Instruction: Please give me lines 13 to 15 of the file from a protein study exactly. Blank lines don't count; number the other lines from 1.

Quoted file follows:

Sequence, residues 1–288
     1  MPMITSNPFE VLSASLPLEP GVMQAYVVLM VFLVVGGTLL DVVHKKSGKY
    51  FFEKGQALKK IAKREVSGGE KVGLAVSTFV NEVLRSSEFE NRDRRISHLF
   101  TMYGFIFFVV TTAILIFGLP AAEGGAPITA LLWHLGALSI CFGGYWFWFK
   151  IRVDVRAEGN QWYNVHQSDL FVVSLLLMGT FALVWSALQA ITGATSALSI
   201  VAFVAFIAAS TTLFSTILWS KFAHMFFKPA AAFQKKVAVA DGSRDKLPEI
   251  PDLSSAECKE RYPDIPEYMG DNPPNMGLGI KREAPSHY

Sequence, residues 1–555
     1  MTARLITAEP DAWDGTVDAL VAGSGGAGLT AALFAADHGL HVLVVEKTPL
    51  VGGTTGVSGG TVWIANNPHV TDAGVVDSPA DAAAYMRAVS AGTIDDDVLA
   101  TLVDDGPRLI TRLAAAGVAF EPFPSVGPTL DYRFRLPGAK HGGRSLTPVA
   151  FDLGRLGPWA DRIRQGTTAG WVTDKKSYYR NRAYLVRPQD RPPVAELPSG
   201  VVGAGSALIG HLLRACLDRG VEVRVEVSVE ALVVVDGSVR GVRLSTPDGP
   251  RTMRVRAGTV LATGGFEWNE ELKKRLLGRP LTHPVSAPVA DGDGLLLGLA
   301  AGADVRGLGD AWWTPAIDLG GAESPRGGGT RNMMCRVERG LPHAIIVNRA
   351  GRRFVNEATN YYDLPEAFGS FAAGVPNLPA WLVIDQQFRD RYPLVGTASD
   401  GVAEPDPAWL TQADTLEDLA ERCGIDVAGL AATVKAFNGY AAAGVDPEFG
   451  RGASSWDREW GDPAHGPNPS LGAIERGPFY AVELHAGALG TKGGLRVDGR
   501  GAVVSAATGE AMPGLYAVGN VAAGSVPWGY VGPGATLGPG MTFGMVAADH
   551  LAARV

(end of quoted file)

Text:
   201  VVGAGSALIG HLLRACLDRG VEVRVEVSVE ALVVVDGSVR GVRLSTPDGP
   251  RTMRVRAGTV LATGGFEWNE ELKKRLLGRP LTHPVSAPVA DGDGLLLGLA
   301  AGADVRGLGD AWWTPAIDLG GAESPRGGGT RNMMCRVERG LPHAIIVNRA